Integration is looking less and less like a panacea and more of a long term vision, writes Ashley McDougall

Integration of health and social care has been a longstanding policy objective. But does it work? We looked at both the evidence base and the performance of the £5.3 billion Better Care Fund in its first year, 2015-16.

Evidence base

First, a word about Integration “working”: integration is done for a purpose – to ensure that people receive better and more integrated care and support. This should improve the cost effectiveness of services, save money and improve outcomes for patients.

The Department of Health has not yet established a robust evidence base to show that integration leads to better outcomes for patients

To consider the evidence base first. Although it seems obvious that joining up services, reducing duplication and smoothing pathways should lead to savings, there is no compelling evidence to show that integration in England leads to sustainable financial savings or reduced hospital activity.

This is based on serious independent evaluations of the outcome of integration initiatives.

More than that, the Department of Health has not yet established a robust evidence base to show that integration leads to better outcomes for patients.

Now this is all more than a bit surprising. Perhaps the work under the Better Care Fund would show integration could deliver for patients and organisations?

The first thing to note is that the fund came far short of its savings target of £511 million for 2015-16. Although actual savings were not quantified, we have been able to compare planned savings for reducing emergency admissions and reducing delayed transfers of care.

Planned savings for these two elements were £261 million. In practice, the increased activity cost £457 million more than the planned savings. In both cases there were increases of activity, rather than reductions so the goal of reducing hospital activity was missed.

There were, however, some improved outcomes for patients. Local areas exceeded the targets to reduce the permanent admission of older people to residential and nursing homes and to increase the number of people still at home 91 days after discharge from hospital into reablement or rehabilitation services.

Almost all the “enablers” for better integrated working such as shared use of NHS number, support of adult social care and joint assessments increased in 2015-16, compared to 2014-15.

There is, however, no doubt that the Better Care Fund increased joint working and was well received in the health and social care sectors. Some 90 per cent of local areas agreed or strongly agreed that the delivery of the Better Care Fund plans had a positive impact on integration locally.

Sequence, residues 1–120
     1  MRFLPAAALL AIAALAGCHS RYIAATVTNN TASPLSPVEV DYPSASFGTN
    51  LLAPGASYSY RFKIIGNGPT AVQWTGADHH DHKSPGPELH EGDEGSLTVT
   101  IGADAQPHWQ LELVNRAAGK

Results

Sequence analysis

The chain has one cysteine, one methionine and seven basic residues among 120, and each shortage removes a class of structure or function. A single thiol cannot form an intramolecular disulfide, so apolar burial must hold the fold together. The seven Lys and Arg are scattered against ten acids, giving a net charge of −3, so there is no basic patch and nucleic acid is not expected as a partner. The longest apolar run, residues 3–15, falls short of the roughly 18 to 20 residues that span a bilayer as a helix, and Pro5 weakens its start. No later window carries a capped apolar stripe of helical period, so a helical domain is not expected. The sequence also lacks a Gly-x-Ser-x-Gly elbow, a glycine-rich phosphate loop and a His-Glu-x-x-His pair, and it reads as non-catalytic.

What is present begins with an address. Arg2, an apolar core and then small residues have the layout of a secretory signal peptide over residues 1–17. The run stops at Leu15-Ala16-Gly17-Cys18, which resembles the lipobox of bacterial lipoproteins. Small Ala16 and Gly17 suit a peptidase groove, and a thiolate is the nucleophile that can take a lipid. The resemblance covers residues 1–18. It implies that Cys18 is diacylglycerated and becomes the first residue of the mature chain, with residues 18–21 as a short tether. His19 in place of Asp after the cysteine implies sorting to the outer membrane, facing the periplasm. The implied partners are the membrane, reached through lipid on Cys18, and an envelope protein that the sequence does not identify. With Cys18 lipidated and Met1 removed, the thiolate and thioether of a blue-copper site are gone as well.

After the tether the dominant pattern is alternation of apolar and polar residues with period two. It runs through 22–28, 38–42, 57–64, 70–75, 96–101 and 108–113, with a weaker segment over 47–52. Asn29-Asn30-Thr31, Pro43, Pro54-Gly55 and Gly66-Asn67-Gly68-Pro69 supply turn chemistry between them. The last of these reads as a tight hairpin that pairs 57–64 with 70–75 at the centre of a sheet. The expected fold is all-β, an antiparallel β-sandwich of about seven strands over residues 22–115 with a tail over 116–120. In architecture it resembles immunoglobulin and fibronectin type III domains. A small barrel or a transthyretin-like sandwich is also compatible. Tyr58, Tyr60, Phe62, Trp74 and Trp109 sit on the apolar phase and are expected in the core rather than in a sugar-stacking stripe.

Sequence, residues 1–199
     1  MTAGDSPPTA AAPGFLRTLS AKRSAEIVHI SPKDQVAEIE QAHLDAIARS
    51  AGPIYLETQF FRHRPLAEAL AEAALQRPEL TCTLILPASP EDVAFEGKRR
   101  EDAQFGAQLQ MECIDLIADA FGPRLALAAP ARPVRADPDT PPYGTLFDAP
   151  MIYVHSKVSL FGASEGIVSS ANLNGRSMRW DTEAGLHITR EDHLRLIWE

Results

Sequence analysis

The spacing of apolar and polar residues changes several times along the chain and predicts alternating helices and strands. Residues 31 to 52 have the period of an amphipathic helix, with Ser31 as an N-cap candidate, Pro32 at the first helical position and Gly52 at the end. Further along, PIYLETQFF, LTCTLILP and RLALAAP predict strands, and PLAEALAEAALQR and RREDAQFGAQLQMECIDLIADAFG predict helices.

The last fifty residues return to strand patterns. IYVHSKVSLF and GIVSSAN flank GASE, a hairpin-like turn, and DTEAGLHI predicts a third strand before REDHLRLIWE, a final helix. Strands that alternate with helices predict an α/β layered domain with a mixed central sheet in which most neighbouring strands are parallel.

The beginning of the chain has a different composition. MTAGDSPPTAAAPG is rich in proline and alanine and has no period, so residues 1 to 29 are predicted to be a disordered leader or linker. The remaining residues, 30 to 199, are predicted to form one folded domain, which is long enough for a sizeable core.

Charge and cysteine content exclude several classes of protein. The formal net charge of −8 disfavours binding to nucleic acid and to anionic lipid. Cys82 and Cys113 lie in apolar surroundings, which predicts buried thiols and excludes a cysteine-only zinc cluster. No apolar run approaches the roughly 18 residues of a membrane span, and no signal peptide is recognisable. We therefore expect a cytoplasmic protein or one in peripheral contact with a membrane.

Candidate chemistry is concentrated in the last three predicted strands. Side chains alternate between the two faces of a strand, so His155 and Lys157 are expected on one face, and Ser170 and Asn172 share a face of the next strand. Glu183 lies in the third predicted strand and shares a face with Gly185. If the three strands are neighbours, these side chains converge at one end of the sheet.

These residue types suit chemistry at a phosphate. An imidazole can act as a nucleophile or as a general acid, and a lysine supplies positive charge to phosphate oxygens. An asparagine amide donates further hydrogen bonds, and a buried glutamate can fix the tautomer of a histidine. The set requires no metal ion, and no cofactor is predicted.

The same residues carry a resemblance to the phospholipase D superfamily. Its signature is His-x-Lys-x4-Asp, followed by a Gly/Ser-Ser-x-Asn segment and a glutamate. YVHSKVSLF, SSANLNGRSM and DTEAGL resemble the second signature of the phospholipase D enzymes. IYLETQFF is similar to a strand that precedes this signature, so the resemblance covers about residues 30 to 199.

Seventy six per cent of local areas agreed or strongly agreed that implementation of a pooled budget had led to more joined up health and social care provision. This was backed up by increased financial commitment to the fund.

Leaders of health and care organisations in Northumberland told us that their success in integrating services was the result of more than 25 years of effort, dating even from before they created a care trust in 2002

Nationally, local areas committed 39 per cent and 49 per cent more than the minimum to the pooled budgets in 2015-16 and 2016-17 respectively. This represents a positive endorsement of the fund by local areas.

So the parson’s egg that is the Better Care Fund seems to suggest that increased integration though greater pooling of budgets and better joint working does not have the expected impact on reducing hospital activity. It does of course support adult social care as the bulk of the Better Care Fund is a transfer from clinical commissioning groups to the pooled budget but it is hard to see how that has an impact on hospitals.

Now this is not to take a hospital centric view of the world but they are the most expensive parts of the system.

If the Better Care Fund will not deliver the benefits required from integration what will? I would not be so quick to write off the fund as change takes time. Leaders of health and care organisations in Northumberland told us that their success in integrating services was the result of more than 25 years of effort, dating even from before they created a care trust in 2002.

Similarly, the early evaluation of the Integration Pioneers said it was too soon to find measurable impacts, and they started in 2013.

NHS England also has the new care models. While these have promise they are as yet unproven in England.

Against that background a Year 1 target of savings and demand reduction looks optimistic.

So what next for the fund? We still await the 2017-19 guidance but the Departments have dropped the requirement for a separate plan by April 2017 setting out plans for integration by 2020.

Significant additional money is coming for the fund in 2018-19 but will the focus have moved on to new care models and NHS financial balance by then? Not to mention the struggles of adult social care. Integration is looking less and less like a panacea and more of a long term vision.

Ashley McDougall is a director at the National Audit Office